Report Falls Short[Jim Bunker]

Jim Bunker Quote: “This Report also falls short by not giving the Secretary advice or tools to request funding for much-needed research into diagnosis and treatment of Gulf War Veterans”[1, Jim Bunker, Page 1]

As mentioned before, it is my opinion that the diverse research and pilot studies are needed to properly map potential causes of our symptoms. As an example, mitochondria damage and Central Nervous System (CNS) damage can cause chronic fatigue like symptoms, and each dysfunction might be interrelated. If only CNS research would have been done, the dysfunctional mitochondria would not have been discovered. As such, potential treatments for CNS damage might not have proved to reduce all fatigue symptoms. In turn, more pilot studies would have been needed anyhow. Also, the 2008 report accurately recommended studies that have turned out to be significant in 1991 Gulf War Illnesses. In the recent RAC report, May 2014, the RAC suggests the VA now start considering the pilot studies that stemmed from the 2008 report, which were fruitful, and consider larger trials.

Also, most of the June, 2012, Congressionally Chartered Research Advisory Committee on Gulf War Veterans’ Illnesses (RAC) report covered funding and misappropriation of funds leading to inadequate research. Most advocates believe the VA retaliated against the release of the June 2012 report. Just read the first page of the report and the following quote.

2012 RAC Report Quote: “VA research officials continue to misrepresent to the Secretary of Veterans Affairs and to Congress, in the Annual Report(s) To Congress, the level of research dollars spent addressing the health of Gulf War veterans. The true figures are vastly overstated by the inclusion of funds spent on studies that have little or nothing to do with Gulf War veterans. [Appendix C].”[3]

As previously mentioned, the June, 2012, RAC report is expected as the reason for the gross charter changes that has lead the US House Committee on Veterans Affairs to introduce legislation to make the RAC independent once again. 

Suggestion of Endoscopy To Diagnose GERD[Jim Bunker]

Bunker Quote: “The study needs to be using an Endoscopy to check for damage.”[1, Jim Bunker; Page 3]

After a brief review of the literature, I disagree that endoscopy alone should be used to detect GERD. The diagnosis of GERD is complicated and many procedures might be needed to give a definitive diagnosis[8]. Also, many medical researchers state that the 24 hour pH study is the most sensitive for detecting acid that will likely progress to severe GERD[8;9].

Quote: “The pattern of esophageal acid exposure has been shown to influence severity of the disease, which increases progressively from postprandial to upright, supine and bipositional reflux (21).”[8]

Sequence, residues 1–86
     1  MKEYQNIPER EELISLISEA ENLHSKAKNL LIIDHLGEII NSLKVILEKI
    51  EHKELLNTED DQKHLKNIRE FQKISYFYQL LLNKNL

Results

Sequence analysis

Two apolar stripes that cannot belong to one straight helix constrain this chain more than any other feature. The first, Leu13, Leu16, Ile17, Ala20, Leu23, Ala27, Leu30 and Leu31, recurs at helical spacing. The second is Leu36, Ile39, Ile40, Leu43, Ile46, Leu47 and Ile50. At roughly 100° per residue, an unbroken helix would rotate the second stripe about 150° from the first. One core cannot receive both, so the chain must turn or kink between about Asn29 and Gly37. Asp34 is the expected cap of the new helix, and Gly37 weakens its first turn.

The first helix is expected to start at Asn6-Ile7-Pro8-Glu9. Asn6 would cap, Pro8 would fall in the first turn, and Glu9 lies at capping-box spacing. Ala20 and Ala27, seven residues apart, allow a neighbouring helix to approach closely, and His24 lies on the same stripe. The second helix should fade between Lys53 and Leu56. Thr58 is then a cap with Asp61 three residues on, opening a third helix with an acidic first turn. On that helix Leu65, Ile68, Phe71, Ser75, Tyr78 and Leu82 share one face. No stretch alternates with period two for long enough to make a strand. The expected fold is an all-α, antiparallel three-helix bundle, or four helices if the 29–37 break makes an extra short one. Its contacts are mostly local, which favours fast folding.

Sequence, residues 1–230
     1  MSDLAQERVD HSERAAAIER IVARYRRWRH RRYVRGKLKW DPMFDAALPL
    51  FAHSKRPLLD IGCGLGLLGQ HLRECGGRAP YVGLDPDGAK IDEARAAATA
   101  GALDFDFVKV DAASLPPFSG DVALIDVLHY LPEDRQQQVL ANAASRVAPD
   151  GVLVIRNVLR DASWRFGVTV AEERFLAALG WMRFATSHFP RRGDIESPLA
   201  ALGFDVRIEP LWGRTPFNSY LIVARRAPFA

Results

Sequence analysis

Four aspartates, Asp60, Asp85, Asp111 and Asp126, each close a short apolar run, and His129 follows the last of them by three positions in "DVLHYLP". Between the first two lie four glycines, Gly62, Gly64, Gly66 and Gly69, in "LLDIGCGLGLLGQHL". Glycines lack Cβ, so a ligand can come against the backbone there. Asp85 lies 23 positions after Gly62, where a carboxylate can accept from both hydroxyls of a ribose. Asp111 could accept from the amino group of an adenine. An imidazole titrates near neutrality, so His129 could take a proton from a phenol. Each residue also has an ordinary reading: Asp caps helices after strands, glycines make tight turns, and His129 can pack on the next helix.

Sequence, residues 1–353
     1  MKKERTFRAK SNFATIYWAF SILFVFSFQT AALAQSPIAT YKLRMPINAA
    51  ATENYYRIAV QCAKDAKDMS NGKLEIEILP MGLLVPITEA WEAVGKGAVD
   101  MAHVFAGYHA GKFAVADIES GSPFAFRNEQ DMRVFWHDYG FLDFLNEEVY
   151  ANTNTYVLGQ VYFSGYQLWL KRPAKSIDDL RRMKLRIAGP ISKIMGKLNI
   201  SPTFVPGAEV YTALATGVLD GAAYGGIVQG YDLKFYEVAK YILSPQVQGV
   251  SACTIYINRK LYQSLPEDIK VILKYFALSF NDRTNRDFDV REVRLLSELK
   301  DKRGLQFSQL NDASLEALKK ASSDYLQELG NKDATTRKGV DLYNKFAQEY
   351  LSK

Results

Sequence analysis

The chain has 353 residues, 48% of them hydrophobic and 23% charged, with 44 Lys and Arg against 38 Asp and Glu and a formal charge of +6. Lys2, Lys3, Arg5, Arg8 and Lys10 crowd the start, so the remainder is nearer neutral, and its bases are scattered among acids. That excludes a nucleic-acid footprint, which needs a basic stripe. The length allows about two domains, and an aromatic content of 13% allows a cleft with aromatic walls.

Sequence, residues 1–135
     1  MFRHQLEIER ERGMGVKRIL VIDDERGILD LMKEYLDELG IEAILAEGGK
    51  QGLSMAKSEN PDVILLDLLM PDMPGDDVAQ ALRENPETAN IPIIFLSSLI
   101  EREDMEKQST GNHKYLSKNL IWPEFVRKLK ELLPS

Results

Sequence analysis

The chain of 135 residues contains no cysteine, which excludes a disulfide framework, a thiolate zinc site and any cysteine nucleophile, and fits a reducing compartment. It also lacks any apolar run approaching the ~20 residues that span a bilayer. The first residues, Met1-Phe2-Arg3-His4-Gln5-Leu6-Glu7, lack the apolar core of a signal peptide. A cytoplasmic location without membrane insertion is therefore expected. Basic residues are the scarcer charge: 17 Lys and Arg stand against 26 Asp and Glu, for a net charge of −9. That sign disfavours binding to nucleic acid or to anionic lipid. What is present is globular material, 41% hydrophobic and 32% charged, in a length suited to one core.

Quote: ”Currently upper gastrointestinal endoscopy is the main clinical tool for visualizing esophageal lesions. Since the majority of GERD patients do not have endoscopic visible lesions other methods are required to document the abnormal acid exposure in the distal esophagus. For many clinicians ambulatory esophageal pH monitoring is the gold standard in diagnosing GERD since it quantifies distal esophageal acid exposure and allows the evaluation of the relationship between symptoms and acid reflux.”[9]

Medicine is complicated.

Gulf War Illness Treatment Research Recommendations[Jim Bunker]

Above, I provided a Veteran’s Affairs quote that suggested a larger study for autonomic dysfunction in 1991 Gulf War veterans[6], and I personally believe that Dr. Baraniuk’s study on CNS damage, Dr. Haley’s study on autonomic nervous system dysfunction, and Dr, Golomb’s study on dysfunctional mitochondria should be considered for a larger study. As mentioned several times, the Veterans Affairs have already done a pilot study that verified some of Dr. Haley’s autonomic nervous system dysfunction[6]. 


[1] Bunker, Jim. National Gulf war Resuorce Center. Jim Bunker Rebuttal to Congressionally Charter Research Advisory Committee on Gulf War Veterans Illnesses, Apr. 24, 2014. Available from:

[2] Research Advisory Committee on Gulf War Veterans’ Illnesses. Gulf War Illness and the Health of Gulf War Veterans: Research Update and Recommendations, 2009-2013: Updated Scientific Findings and Recommendations, April 2014.[online]. 2014. Available from:

[3] Research Advisory Committee on Gulf War Veterans' Illnesses. Research Advisory Committee on Gulf War Veterans' Illnesses Findings and Recommendation, June 2012.[online]. 2012. Available from:

[4] US Department of Veterans Affairs. Charter of the Research Advisory Committee on Gulf War Veterans’ Illnesses (RAC).[online]. 2014. Available from:

[5] Research Advisory Committee on Gulf War Veterans' Illnesses. Gulf War Illness and Health of Gulf War Veterans. Scientific Findings and Recommendations, 2008.[online]. 2012. Available from:

[6] li, M; Xu, C; Yo, W; Mahan, CM; Kang, HK; Sandbrink, F; Zhai, P; Karasik, PA. Self-reported post-exertional fatigue in Gulf War veterans:roles of autonomic testing, Jan 7, 2014. Front Neurosci[online]. 2014. vol. 7(269). Available from: PMCID: PMC3882719; doi: 10.3389/fnins.2013.00269

[7] WRIISC Advantage. NJ WRIISC focuses on Gulf War Veterans in research, June 2013.[online]. 2013. Available from:

[8] Gorecki, P., MD. Surgical Treatment: Evidence-Based and Problem-Oriented: Gastro-esophageal reflux disease (GERD), 2001.[online]. 2014. Available from:

[9] Tutuian, Radu. Update in the Diagnosis of Gastroesophageal Reflux Disease.[online]. 2006. Available from: